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Physical function and lean body mass as predictors of bone loss after hip fracture: a prospective follow-up study

Abstract

Background

Predictors of bone deterioration after hip fracture have not been well characterized. The aim of this study was to examine the associations of physical function and lean body mass (LBM) with loss of bone density and strength in older people recovering from a hip fracture.

Methods

A total of 81 over 60-year-old, community-dwelling men and women operated for a hip fracture participated in this 1-year prospective follow-up study. Distal tibia total volumetric bone mineral density (vBMDTOT, mg/cm3) and compressive strength index (BSI, g2/cm4) and mid-tibia cortical vBMD (vBMDCO, mg/cm3) and bending strength index (SSI, mm3) were assessed in both legs by peripheral quantitative computed tomography (pQCT) at baseline (on average 10 weeks after fracture) and at 12 months. At baseline, LBM was measured with a bioimpedance device and physical function with the Short Physical Performance Battery (SPPB) and perceived difficulty in walking outdoors. Robust multivariable linear regression models were used to estimate the associations of physical function and LBM with the change in bone parameters at 12-months.

Results

The mean change in distal tibia vBMDTOT and BSI in both legs ranged from − 0.9 to − 2.5%. The change in mid-tibia vBMDCO and SSI ranged from − 0.5 to − 2.1%. A lower SPPB score, difficulty in walking outdoors and lower LBM predicted greater decline in distal tibia vBMDTOT in both legs. A lower SPPB score and difficulty in walking outdoors were also associated with a greater decline in distal tibia BSI in both legs. At the midshaft site, a lower SPPB score and lower LBM were associated with greater decline in SSI on the fractured side.

Conclusions

Older hip fracture patients with low physical function and lower LBM may be at risk for greater decline in tibia bone properties during the first post-fracture year. Acknowledgement of the risk factors could assist in developing interventions and care to promote bone health and overall recovery.

Trial registration

ISRCTN, ISRCTN53680197. The trial was registered retrospectively but before the recruitment was completed. Registered March 3, 2010.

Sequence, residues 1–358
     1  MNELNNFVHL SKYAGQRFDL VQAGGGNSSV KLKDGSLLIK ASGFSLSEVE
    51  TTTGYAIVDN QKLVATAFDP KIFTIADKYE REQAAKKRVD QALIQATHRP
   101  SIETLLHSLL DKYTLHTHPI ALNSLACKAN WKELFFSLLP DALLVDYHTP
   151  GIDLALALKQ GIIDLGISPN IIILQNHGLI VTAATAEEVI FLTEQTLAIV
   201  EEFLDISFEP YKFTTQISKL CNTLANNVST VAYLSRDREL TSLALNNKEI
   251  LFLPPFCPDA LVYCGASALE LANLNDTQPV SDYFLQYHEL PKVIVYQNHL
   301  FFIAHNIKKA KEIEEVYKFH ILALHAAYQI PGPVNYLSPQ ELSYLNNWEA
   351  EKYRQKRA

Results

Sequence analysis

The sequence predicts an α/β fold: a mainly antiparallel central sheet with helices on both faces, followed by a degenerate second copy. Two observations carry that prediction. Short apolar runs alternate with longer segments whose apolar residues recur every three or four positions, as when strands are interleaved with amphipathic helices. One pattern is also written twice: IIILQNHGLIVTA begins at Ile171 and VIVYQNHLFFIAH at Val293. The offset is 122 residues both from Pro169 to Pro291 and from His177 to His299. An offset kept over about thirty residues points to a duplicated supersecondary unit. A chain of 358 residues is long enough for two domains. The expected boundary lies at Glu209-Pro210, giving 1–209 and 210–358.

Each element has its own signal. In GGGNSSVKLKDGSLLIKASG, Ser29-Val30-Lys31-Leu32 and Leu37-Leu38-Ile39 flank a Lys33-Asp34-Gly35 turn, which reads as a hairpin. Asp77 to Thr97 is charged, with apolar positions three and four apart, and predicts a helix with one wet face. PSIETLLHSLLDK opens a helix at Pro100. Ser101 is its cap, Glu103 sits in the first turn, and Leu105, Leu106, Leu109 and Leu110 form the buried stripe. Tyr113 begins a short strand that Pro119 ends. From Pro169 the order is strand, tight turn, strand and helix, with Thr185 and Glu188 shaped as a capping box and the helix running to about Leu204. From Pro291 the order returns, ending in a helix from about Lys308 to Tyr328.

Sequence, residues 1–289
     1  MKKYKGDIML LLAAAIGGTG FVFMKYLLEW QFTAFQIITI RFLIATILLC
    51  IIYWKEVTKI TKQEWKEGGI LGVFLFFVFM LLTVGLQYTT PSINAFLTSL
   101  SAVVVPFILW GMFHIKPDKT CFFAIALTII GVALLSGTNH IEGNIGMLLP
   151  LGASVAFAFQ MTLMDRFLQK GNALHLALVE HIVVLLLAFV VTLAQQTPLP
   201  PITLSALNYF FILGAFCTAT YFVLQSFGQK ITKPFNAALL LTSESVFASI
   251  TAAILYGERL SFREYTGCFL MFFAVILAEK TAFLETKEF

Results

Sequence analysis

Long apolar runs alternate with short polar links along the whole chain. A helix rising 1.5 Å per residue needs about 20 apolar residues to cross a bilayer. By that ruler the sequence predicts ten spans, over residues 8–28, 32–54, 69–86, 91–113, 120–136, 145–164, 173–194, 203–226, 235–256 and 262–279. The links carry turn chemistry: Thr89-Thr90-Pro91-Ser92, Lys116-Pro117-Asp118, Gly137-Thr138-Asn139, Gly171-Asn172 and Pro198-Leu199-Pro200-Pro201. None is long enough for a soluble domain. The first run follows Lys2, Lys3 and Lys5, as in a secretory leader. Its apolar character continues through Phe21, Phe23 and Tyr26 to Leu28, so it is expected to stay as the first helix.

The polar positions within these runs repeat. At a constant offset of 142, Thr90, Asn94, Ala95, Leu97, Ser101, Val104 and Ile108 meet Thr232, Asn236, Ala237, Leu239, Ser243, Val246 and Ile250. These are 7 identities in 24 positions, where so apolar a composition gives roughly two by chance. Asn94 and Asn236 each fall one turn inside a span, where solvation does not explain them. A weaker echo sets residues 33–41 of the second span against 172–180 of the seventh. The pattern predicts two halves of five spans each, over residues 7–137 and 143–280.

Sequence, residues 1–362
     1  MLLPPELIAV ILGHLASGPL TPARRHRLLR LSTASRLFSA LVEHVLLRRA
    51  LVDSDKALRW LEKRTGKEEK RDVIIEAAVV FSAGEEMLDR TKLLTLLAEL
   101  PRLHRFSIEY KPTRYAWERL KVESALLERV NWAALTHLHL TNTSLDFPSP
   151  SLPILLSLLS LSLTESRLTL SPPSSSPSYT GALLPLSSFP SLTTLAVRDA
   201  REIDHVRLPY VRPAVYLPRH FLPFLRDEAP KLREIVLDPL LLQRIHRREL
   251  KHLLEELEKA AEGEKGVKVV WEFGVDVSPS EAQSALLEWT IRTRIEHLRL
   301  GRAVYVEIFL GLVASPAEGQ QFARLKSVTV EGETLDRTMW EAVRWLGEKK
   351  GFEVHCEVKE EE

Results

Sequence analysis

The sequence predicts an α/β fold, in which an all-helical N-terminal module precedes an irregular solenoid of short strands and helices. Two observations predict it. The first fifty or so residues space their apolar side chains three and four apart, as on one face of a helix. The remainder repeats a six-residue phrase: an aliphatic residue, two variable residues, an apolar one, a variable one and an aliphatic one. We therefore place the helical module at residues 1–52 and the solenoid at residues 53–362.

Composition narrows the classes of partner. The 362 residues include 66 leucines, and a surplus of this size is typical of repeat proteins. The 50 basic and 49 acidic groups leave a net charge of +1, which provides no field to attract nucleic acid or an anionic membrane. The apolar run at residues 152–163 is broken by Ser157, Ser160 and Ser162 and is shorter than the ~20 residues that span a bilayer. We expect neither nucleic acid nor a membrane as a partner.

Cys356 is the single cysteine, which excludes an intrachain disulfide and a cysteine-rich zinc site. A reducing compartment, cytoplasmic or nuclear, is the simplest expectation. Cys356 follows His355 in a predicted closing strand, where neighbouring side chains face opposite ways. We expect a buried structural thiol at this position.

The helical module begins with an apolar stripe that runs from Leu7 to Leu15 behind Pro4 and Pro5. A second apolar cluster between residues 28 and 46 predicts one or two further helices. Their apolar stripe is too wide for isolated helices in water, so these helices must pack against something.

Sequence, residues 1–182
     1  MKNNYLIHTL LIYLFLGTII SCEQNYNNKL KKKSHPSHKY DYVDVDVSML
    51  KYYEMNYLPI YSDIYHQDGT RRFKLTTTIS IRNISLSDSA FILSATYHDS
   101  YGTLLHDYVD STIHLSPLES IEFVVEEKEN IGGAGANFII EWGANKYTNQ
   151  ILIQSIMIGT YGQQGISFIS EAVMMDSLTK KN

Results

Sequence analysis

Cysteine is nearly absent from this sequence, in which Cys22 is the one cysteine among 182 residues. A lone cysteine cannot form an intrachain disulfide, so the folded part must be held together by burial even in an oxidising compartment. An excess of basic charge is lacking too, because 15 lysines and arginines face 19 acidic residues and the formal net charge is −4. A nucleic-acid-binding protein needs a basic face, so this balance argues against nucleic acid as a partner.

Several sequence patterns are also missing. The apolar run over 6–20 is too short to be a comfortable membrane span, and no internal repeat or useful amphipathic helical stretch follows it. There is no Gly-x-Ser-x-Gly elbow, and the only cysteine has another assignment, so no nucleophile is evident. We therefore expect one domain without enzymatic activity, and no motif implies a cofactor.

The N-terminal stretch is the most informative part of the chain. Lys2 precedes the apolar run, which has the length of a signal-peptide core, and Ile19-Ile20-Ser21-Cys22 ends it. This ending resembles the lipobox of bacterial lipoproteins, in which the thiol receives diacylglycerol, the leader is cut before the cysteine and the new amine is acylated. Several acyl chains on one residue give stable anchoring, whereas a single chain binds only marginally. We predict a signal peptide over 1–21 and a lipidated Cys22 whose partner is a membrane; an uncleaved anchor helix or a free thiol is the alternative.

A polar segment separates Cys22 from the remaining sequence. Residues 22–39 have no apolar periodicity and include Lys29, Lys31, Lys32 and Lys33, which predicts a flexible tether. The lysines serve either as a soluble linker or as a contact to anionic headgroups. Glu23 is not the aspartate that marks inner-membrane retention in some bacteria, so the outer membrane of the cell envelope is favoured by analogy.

Peer Review reports

Background

Substantial decrements in physical function and muscle occur after hip fracture [1, 2], and less than half of these patients recover their pre-fracture level of function [3, 4]. In addition, hip fracture is followed by accelerated and long-term decline in bone structure, density and strength [5,6,7,8,9], especially in the leg on the fractured side [6, 10]. Together with the loss of physical function, bone deterioration increases the risk for a subsequent fracture [11, 12]. Post-hip fracture bone loss can probably be explained in part by disuse, but to date systematic exploration of the factors contributing to post-fracture bone deterioration has been rather scarce.

Low level of physical function is a risk factor for poorer recovery after hip fracture [13]. With the present study population, we have previously shown better recovery of physical function in patients with less difficulty in their post-discharge ability to walk outdoors [13]. A low level of physical function may also prevent effective loading of the bones and could be related to reduced bone-loading physical activity. Moreover, owing to the strong relationship between bone and muscle [14], lower LBM could also contribute to the increase in post-hip fracture bone loss. The positive relationship between bone and muscle can be traced to several biochemical (myokines and osteokines) and biomechanical factors, including gravitational loading on weight-bearing bones and the associated effect of muscle contraction [15], which places the greatest load on bones [14]. In older men, higher LBM has also been associated with better functional recovery after hip fracture [16].

The few studies that have explored the factors contributing to bone loss after hip fracture [2, 17] have not reported either measures of bone strength or outcomes for the leg on the fractured side. The aim of this study was to examine whether physical function, measured with SPPB and perceived difficulty in walking outdoors, and LBM predict the change at 12 months in the bone density and strength of both legs in older men and women recovering from a recent hip fracture.

Methods

Design and participants

This study utilizes data from a randomized controlled trial (ISRCTN53680197) investigating the effects of a yearlong home-based rehabilitation program compared to standard care on mobility recovery among over 60-year-old, ambulatory and community-dwelling older people with a recent hip fracture [18]. The design and recruitment procedure have been reported in detail earlier [19]. Briefly, all men and women who had been operated for a femoral neck or pretrochanteric fracture (ICD code S72.0 or S72.1) in the Central Finland Central Hospital (Jyväskylä, Finland) between 1.3.2008 and 31.12.2010, and fulfilling the inclusion criteria were informed about the study (n = 269). Of these, 161 were interested and further informed on the study. After preliminary assessment of eligibility, 136 persons were invited to the baseline measurements. Patients suffering from severe memory problems (Mini Mental State Examination, MMSE < 18), alcoholism, a severe cardiovascular or pulmonary condition or some other progressive disease, and severe depression (Beck Depression Inventory BDI-II > 29) were excluded from the study. Thereafter, 81 eligible patients participated in the study.